This issue of The View From the 4th Floor Paterson is by MA in Public History student, Jasmin Cardillo.
Image via Olesia Hnatkevych, unsplash.com
This newsletter is meant to give a glimpse into what it’s like to do history as part of our community; we feature interviews, reviews, reflections, and very nearly anything that will give a sense of the people and personalities that collectively make The Department Of History At Carleton U; this month, Jasmin sat down with one of our alumns and talked about the paths the journey can take!
Our alumni are all over the world, doing interesting things. We thought it might be nice to reconnect with some of them. In this issue we chat with Allison Margot Smith.
Q1: Tell us a bit about yourself professionally. Where do work? What are your responsibilities?
Well, at fifty years old, I decided to go back to school. I effectively retired from my management consulting career in computer science and signed up at Carleton University in the undergraduate history program. Because I had a previous degree in computer science, I only had to complete the core history classes. Being a student was a joy. I loved it so much that I went on to pursue a Master’s degree in Public History at Carleton University as well.
After completing my studies, I worked for Parks Canada in their heritage lighthouse program, and their historic plaques program. I also made a film for Parks Canada for their staff development program. During that time, I also began to make my own films.
I am currently in the process of making a series of films for the township of Rideau Lakes. Additionally, I am working on various other small filmmaking contracts as a historical researcher, screenwriter, and editor. I am also on the board of Heritage Ottawa and writing articles for their quarterly newsletter.
Q2: When did you study at Carleton? Did any particular class/faculty/staff/librarian have an impact on you?
I graduated from Carleton University in the MA Public History program in 2015. My supervisors were James Miller, and John Walsh. Professor Michael Ostroff’s course, How to Make a Historical Documentary Film, had a great impact on me, and my current career. That is where I learned how to do what I am doing, today. Another influential professor was David Dean. I really enjoyed the program. There are many interesting, and diverse subjects you can study. Most of my focus was on Black History and Black History in Canada, more specifically.
My Master’s research project was centered on the legacy of African American abolitionist, and activist, Mary Ann Shadd. She lived in Canada for approximately thirteen years before moving back to the United States. However, when Shadd left to go back to the U.S., she left behind an archive of letters in the attic of her house in Canada. These letters were forgotten up until 1974 when the owners of the house decided to knock it down. Shadd’s papers were found in the rubble of the home. By fluke, the family who owned the house, at the time, pulled the letters out of the rubble just before it was burned. Shadd’s letters were offered and accepted by the Archives of Ontario for preservation. This story was the subject of a 30-minute documentary film that, along with an accompanying analytical paper, were the outputs of my MA research project.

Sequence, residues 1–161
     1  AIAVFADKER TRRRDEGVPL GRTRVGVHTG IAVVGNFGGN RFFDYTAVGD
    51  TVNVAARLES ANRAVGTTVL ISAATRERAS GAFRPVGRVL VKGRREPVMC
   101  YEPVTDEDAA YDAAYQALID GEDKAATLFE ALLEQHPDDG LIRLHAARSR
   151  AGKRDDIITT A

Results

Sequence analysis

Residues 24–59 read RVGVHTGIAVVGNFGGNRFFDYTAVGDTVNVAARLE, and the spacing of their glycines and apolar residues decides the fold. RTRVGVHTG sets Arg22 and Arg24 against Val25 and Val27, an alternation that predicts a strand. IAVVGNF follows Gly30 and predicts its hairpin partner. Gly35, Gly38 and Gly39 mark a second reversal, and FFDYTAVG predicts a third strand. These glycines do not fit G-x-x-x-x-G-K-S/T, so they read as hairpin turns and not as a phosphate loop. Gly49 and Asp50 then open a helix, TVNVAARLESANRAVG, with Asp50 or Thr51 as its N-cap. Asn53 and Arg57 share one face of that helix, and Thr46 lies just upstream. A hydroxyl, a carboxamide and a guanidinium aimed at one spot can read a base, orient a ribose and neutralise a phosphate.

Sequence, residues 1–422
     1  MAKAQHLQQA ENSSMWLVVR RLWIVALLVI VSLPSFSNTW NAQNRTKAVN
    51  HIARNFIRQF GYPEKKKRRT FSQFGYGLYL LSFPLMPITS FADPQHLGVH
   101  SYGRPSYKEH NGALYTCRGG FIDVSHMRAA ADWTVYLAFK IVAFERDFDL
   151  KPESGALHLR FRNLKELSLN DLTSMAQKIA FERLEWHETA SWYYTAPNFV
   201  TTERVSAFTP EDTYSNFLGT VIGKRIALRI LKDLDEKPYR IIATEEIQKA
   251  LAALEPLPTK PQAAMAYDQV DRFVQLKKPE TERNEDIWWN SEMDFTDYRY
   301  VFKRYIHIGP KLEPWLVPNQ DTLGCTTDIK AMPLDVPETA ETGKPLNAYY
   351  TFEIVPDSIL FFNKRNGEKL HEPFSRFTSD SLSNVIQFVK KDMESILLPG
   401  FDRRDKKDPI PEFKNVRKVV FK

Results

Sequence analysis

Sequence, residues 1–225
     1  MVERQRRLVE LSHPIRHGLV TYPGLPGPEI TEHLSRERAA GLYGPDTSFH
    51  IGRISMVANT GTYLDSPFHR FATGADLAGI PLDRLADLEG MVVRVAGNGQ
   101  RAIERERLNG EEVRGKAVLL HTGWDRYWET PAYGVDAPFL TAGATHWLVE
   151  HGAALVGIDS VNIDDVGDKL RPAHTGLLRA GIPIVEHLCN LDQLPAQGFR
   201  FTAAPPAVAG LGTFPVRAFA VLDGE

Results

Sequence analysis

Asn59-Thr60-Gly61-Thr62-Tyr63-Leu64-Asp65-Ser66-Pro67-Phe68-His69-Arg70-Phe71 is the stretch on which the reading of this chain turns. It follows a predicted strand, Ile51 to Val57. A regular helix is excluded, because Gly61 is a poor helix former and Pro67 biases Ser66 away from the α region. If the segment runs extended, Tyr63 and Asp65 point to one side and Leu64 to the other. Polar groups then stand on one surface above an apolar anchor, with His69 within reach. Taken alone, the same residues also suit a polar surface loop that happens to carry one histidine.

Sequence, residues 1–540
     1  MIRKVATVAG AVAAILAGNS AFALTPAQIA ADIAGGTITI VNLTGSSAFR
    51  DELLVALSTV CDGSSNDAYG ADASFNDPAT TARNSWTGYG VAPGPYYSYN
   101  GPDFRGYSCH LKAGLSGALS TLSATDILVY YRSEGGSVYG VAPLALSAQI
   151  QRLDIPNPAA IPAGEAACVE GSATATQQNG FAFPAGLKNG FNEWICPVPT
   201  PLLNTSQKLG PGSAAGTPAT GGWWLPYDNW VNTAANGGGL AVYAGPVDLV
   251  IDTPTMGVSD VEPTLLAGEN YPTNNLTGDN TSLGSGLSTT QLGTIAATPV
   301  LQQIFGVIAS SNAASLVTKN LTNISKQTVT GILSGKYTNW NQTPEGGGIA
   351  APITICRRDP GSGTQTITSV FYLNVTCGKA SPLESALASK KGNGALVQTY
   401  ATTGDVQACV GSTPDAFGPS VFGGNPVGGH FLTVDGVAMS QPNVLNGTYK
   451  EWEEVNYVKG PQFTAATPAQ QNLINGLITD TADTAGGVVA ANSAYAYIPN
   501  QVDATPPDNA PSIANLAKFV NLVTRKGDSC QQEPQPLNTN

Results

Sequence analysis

Film: “Mary Ann Shadd Revisited: Echoes from an Old House” by Allison Margot Smith.
Q3: What was the path that got you from life as a student to where you are now?
I think it is all a matter of talking to people and building a network for yourself. If you do not tell people what you are up to, then they do not know. You MUST sell your interest areas. The more you tell people what you are interested in, then they will know and help you build a sustainable network.
After I left Parks Canada, I joined the Municipal Heritage Advisory Committee for the Township of Rideau Lakes, Ontario. The Township gave me a budget to make a series of historical documentary films. With the budget, I was able to create a short film about the construction of the Rideau Canal and a second about a WWI convalescent hospital on an island on Indian Lake for soldiers suffering from PTSD.
Film: “The Rideau Canal: The Big Breakthrough” by Allison Margot Smith
Film: “Fettercairn: WWI on Indian Lake” by Allison Margot Smith